Applies to SUSE Linux Enterprise Server 15

2 The Control File

2.1 Introduction

The control file usually is a configuration description for a single system. It consists of sets of resources with properties including support for complex structures such as lists, records, trees and large embedded or referenced objects.

Important
Important: Control Files from Previous Releases are Incompatible

A lot of major changes were introduced with SUSE Linux Enterprise Server 15 (the switch to systemd and GRUB 2 for example). These changes also required fundamental changes in AutoYaST, therefore you cannot use AutoYaST control files created on previous SUSE Linux Enterprise Server versions to install SUSE Linux Enterprise Server 15 and vice versa.

2.2 Format

The XML configuration format provides a consistent file structure, which is easy to learn and to remember when attempting to configure a new system.

The AutoYaST control file uses XML to describe the system installation and configuration. XML is a commonly used markup, and many users are familiar with the concepts of the language and the tools used to process XML files. If you edit an existing control file or create a control file using an editor from scratch, it is strongly recommended to validate the control file. This can be done using a validating XML parser such as xmllint or jing, for example (see Section 3.3, “Creating/Editing a Control File Manually”).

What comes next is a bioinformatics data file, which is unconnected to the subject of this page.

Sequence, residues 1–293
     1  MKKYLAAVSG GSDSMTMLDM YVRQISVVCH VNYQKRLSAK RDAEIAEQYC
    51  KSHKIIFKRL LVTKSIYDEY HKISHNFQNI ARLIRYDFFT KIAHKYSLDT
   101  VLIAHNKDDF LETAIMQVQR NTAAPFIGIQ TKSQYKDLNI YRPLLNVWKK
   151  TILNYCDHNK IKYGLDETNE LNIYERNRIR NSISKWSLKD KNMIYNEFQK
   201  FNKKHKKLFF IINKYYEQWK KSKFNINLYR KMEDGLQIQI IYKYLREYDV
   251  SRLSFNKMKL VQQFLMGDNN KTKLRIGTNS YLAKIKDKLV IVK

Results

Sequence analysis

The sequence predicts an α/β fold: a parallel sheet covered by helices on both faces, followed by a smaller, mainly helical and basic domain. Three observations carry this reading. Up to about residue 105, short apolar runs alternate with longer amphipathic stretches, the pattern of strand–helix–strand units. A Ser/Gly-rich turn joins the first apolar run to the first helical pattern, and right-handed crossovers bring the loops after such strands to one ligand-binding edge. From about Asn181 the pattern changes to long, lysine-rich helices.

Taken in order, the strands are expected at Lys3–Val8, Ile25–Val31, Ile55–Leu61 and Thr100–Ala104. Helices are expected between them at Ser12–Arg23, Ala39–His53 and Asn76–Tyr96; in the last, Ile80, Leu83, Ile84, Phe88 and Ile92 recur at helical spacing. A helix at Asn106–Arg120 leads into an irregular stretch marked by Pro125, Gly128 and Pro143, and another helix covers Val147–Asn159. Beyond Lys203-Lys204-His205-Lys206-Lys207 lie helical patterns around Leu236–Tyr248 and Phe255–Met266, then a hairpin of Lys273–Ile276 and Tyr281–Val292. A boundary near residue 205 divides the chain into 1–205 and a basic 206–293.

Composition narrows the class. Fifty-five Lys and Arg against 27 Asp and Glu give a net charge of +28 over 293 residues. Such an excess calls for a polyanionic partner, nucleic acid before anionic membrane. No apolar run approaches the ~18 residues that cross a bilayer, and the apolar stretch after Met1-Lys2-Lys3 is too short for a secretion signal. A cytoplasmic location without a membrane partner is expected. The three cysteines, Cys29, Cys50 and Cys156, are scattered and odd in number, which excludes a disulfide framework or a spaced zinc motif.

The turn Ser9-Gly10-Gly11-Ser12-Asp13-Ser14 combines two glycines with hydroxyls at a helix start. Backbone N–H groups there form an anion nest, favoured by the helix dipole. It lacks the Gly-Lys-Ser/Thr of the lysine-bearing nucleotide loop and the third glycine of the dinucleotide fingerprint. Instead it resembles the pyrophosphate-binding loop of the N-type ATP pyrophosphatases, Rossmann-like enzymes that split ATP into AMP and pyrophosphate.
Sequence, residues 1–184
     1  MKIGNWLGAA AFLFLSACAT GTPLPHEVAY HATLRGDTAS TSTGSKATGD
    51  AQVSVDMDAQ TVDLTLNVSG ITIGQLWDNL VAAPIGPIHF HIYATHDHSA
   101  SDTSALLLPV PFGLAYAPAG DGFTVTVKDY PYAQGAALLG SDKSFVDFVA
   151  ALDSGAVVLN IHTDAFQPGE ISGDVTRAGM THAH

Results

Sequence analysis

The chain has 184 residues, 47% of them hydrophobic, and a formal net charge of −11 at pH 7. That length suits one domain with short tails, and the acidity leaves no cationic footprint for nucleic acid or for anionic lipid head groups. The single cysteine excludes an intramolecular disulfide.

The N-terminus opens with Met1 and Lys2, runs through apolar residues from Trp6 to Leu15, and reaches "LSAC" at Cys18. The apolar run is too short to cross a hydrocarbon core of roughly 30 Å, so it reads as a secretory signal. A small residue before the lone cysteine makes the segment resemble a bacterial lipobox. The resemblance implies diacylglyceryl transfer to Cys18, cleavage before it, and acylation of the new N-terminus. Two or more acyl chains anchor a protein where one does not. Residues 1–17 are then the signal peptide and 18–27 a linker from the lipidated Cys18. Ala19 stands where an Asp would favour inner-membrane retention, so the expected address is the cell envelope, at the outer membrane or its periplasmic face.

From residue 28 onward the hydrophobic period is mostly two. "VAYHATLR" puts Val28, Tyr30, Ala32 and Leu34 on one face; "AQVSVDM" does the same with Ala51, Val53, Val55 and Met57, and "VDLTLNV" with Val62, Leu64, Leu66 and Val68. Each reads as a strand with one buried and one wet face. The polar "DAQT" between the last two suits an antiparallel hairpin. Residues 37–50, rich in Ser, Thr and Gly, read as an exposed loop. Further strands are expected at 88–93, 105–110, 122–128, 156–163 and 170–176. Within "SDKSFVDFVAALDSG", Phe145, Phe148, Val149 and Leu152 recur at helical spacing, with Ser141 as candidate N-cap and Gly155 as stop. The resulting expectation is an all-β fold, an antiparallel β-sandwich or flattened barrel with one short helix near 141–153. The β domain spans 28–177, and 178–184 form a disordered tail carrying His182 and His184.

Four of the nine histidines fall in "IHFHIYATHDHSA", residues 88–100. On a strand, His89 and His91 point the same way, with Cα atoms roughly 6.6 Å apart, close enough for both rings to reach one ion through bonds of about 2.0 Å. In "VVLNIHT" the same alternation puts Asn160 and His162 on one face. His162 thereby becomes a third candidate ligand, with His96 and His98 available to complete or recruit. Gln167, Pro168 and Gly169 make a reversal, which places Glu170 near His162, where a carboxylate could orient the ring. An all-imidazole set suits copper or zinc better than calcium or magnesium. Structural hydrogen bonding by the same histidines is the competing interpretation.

The following example shows a control file in XML format:

Example 2.1: AutoYaST Control File (Profile)
<?xml version="1.0"?>
<!DOCTYPE profile>
<profile
  xmlns="http://www.suse.com/1.0/yast2ns"
  xmlns:config="http://www.suse.com/1.0/configns">
  <partitioning config:type="list">
    <drive>
      <device>/dev/sda</device>
      <partitions config:type="list">
        <partition>
          <filesystem config:type="symbol">btrfs</filesystem>
          <size>10G</size>
          <mount>/</mount>
        </partition>
        <partition>
          <filesystem config:type="symbol">xfs</filesystem>
          <size>120G</size>